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How do I solve for x in cotx=2 by using a scientific calculator?

  1. Jan 20, 2010 #1
    1. The problem statement, all variables and given/known data

    How do I solve for x in cotx=2 by using a scientific calculator?
    What do I have to enter?

    2. Relevant equations

    N/A

    3. The attempt at a solution

    I know that I can enter tan^-1 (1/2) to find x, but is there another way to do it on a calculator?
     
  2. jcsd
  3. Jan 20, 2010 #2

    Dick

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    Why do you need another way? If cot(x)=2 then 1/2=1/cot(x)=tan(x). The only other way to do it is to lobby the calculator companies for a cot^(-1) button.
     
  4. Jan 21, 2010 #3

    Char. Limit

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    There is another way:

    The arccotangent of x is equal to one half pi minus the arctangent of x. The arccotangent of x only equals the arctangent of 1/x if x is greater than zero.

    In short...

    [tex]arccot(x)=\frac{\pi}{2}-arctan(x)[/tex]

    [tex]arccot(x)=arctan(\frac{1}{x}), x>0[/tex]

    I don't know why this is true, my calculus book tells me so.
     
  5. Jan 21, 2010 #4

    Mentallic

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    Draw a right triangle with an angle [itex]\theta[/itex] and let the opposite side length be x and the adjacent side be 1 such that [itex]tan\theta=x[/itex]. Now, [itex]\theta=arctan(x)[/itex] and if we find the other angle in the triangle in terms of [itex]\theta[/itex], by sum of angles in a triangle, it is [itex]\pi/2 -\theta[/itex], so [itex]tan(\pi/2-\theta)=1/x[/itex] thus [itex]arccot(x)=\pi/2-\theta=\pi/2-arctan(x)[/itex].

    You can prove the second result by a similar method.

    @ the OP: you don't need an [itex]cot^{-1}[/itex] function on your calculator since it's very simple to take the [itex]tan^{-1}[/itex] of the reciprocal.
     
  6. Jan 21, 2010 #5

    Char. Limit

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    Thanks for the proof.
     
  7. Jan 21, 2010 #6

    vela

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    In fact, the "co" in "cosine" is there because the function gives the sine of the COmplementary angle. Same with the other co-functions.
     
  8. Jan 21, 2010 #7

    Mentallic

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    Aha thanks for that neat little info I didn't know :smile:
     
  9. Jan 21, 2010 #8
    Other proofs that arccot(x) = [itex]\pi[/tex]/2 - arctan(x) and arccot(x) = arctan(1/x):

    arccot(x) = [itex]\pi[/tex]/2 - arctan(x)

    Let x = tan(θ) = cot([itex]\pi[/itex]/2 - θ) (a trig identity)
    x = cot([itex]\pi[/itex]/2 - θ)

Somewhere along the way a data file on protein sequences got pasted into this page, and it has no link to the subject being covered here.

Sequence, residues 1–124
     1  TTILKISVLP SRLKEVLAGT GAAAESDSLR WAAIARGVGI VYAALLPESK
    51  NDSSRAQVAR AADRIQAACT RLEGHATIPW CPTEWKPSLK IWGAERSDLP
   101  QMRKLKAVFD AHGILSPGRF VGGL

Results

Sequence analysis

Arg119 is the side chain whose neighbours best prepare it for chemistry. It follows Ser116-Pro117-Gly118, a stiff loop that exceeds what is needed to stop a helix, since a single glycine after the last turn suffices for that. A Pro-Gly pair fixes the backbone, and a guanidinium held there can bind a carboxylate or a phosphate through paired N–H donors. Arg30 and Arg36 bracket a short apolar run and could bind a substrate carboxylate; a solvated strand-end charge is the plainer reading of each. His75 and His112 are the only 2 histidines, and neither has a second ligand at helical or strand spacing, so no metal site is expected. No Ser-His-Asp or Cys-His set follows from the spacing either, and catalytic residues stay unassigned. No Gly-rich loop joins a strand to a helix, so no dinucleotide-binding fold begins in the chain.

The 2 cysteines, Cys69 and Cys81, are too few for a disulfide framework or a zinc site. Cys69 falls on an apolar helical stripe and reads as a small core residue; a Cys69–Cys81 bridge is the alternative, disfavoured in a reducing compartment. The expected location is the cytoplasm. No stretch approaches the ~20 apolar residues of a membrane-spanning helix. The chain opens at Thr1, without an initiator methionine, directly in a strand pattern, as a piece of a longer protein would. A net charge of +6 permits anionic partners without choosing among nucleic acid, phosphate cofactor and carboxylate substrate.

arccot(x) = [itex]\pi[/itex]/2 - θ
    tan(θ) = x
    θ = arctan(x)
    arccot(x) = [itex]\pi[/itex]/2 - arctan(x)


    arccot(x) = arctan(1/x)

    Let θ = arccot(x)
    cot(θ) = x
    1/cot(θ) = tan(θ) = 1/x
    θ = arctan(1/x)
    arccot(x) = arctan(1/x)
     
    Last edited: Jan 21, 2010
  10. Jan 21, 2010 #9

    Mentallic

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    Well the trig identity was derived from the properties of a right-triangle so your proof hasn't really changed much, other than giving someone the opportunity to realize it can be done that way too.

    I'm curious as to why [tex]arccot(x)=arctan(\frac{1}{x}), x>0[/tex] as char.limit has posted. Why isn't this true for all non-zero x?
     
  11. Jan 21, 2010 #10

    Dick

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    arctan and arccot are defined with different angular ranges. Look it up and draw a graph. They only overlap for x>0 or resulting angle between 0 and pi/2.
     
  12. Jan 21, 2010 #11

    Char. Limit

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    Thanks, Dick. I didn't quite know myself.
     
  13. Jan 22, 2010 #12

    Mentallic

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    Sorry I didn't quit understand what "angular ranges" meant.
    I've drawn a graph for both:

    [tex]cot^{-1}x=\pi/2-tan^{-1}x[/tex]
    [tex]cot^{-1}x=tan^{-1}(1/x)[/tex]

    and it seems as though the first is only true for x>0 while the second is true for all x.

    Please elaborate so we can settle this.
     
  14. Jan 22, 2010 #13

    Char. Limit

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    Well, I believe that invtrig functions are only defined for certain angles. For example, I'm pretty sure that arcsin(x) is only defined from -pi/2 to pi/2 on the y axis. Thus, the angular range of arcsin(x) is [-pi/2,pi/2], but don't quote me on that.

    Arctangent I don't know about.
     
  15. Jan 22, 2010 #14

    Dick

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    I've just realized there is a another common convention for defining arccot. You can also define it to take values on (-pi/2,pi/2) but you pay the price of having it be discontinuous at 0. http://mathworld.wolfram.com/InverseCotangent.html Which 'arc' identities are true depends on what convention you are using. You HAVE to say which.
     
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